Until this day, the only way to access the Securities and Exchange Commission's Electronic Data Gathering, Analysis and Retrieval (EDGAR) database of filings from public corporations and financial entities was to go to a special reading room in Washington, DC, or to pay private information services.

Until this day, the only way to access the Securities and Exchange Commission's Electronic Data Gathering, Analysis and Retrieval (EDGAR) database of filings from public corporations and financial entities was to go to a special reading room in Washington, DC, or to pay private information services.

At first, the data he made available was two days old, a result of the time it took for the SEC to overnight the data disks to him and for them to then be uploaded. But usage rapidly soared to 50,000 a day. As Malamud later recounted, "What we found when we placed these so-called products on the Internet–for free–was that these reports were not just fodder for a few well-heeled financial professionals…but instead that these public reports of public corporations were of tremendous interest to journalists, students, senior citizen investment clubs, employees of the companies reporting and employees of their competitors, in short a raft of new uses that had been impossible before." Two years later, as the grant was set to run out, Malamud launched a public campaign to get the SEC to take over and maintain the free service, alerting users that his funding was about to run out and giving them the SEC chairman's contact information. He also offered to give his software to the SEC and train its staff. Soon the agency capitulated. It was the dawn of the modern open government movement in the United States.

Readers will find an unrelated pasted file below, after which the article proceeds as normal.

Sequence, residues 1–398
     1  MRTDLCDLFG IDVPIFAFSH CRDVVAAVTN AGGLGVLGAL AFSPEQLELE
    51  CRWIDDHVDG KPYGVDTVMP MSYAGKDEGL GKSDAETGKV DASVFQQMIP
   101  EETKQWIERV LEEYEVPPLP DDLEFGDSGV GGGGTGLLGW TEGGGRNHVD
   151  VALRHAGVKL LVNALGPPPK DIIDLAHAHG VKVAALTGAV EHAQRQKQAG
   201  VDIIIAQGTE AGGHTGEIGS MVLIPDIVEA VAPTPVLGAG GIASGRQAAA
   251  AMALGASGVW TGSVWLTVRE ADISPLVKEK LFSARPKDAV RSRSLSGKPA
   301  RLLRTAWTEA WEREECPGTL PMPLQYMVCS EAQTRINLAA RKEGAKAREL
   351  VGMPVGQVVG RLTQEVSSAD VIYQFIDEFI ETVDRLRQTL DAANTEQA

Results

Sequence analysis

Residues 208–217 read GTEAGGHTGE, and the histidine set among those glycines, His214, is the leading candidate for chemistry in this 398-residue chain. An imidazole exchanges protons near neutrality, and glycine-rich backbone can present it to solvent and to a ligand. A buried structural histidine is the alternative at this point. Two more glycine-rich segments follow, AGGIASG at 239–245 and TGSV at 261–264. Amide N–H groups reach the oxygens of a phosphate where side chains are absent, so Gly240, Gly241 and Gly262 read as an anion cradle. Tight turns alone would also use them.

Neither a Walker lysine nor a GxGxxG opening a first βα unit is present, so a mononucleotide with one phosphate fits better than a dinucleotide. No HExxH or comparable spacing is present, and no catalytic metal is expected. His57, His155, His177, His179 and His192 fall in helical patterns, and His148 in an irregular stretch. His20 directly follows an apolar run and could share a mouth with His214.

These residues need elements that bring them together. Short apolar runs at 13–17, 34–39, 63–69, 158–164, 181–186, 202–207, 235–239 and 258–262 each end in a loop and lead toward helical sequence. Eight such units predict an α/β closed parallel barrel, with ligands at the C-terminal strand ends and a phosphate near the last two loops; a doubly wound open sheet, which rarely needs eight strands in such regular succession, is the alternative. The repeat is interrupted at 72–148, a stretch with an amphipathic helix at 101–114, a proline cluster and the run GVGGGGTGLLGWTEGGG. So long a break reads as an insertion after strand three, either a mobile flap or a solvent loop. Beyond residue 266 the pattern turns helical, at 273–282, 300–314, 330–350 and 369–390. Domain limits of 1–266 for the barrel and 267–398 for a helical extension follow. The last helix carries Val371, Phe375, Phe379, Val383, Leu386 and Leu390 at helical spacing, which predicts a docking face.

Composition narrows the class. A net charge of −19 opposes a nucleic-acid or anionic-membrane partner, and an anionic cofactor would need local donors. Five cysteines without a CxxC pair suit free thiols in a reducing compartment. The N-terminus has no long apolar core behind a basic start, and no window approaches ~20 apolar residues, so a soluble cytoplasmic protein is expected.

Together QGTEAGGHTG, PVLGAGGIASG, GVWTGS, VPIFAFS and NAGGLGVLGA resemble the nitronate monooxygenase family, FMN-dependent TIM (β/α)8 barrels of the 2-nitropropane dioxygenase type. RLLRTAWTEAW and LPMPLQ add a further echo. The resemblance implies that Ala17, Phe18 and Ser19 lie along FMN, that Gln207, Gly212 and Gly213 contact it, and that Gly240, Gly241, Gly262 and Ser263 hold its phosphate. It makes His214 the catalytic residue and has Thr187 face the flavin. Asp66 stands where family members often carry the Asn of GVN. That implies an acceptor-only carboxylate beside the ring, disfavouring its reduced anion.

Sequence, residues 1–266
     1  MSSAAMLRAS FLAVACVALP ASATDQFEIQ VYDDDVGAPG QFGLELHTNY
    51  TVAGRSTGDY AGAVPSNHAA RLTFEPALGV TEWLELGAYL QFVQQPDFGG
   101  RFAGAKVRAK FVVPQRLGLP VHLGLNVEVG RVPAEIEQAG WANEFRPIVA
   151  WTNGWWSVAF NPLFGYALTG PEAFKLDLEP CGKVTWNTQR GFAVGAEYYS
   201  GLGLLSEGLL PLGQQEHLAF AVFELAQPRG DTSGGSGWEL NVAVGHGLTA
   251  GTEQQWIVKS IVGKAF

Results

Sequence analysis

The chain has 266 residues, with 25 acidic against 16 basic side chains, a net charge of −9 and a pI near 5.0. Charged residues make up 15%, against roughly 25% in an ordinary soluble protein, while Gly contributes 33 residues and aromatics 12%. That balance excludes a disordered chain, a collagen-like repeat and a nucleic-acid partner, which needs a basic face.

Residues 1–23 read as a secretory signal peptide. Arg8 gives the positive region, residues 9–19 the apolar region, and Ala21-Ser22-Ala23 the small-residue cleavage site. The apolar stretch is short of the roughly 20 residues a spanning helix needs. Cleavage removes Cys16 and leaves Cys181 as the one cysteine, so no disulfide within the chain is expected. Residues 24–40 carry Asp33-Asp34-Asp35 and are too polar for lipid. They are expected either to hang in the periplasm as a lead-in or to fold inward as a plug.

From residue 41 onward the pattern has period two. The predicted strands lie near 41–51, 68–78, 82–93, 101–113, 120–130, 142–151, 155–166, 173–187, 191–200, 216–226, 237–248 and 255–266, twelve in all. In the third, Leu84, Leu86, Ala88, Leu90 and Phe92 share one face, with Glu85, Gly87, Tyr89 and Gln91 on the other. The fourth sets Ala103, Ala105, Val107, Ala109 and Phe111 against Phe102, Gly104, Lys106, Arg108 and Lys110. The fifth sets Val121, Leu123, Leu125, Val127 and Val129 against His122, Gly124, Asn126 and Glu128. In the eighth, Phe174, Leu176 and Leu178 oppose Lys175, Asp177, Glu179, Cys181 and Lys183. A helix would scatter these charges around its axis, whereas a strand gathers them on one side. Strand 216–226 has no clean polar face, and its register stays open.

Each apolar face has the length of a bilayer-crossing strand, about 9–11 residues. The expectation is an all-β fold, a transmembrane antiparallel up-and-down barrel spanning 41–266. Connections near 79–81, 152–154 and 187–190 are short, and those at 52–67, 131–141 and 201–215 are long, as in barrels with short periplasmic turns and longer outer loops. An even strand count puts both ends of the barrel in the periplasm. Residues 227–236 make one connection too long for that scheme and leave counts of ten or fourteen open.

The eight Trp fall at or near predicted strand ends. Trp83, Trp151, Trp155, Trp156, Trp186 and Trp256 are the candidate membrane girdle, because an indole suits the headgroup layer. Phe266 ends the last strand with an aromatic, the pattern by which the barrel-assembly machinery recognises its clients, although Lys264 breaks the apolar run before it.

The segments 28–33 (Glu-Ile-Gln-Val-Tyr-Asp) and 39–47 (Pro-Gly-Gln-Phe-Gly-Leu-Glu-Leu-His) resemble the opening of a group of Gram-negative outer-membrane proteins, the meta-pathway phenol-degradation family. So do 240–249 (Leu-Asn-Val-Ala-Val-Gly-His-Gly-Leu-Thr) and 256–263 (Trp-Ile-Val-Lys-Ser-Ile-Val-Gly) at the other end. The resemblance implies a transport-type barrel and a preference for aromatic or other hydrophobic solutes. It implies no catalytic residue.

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Last Modified: 2023-10-04 00:00:00

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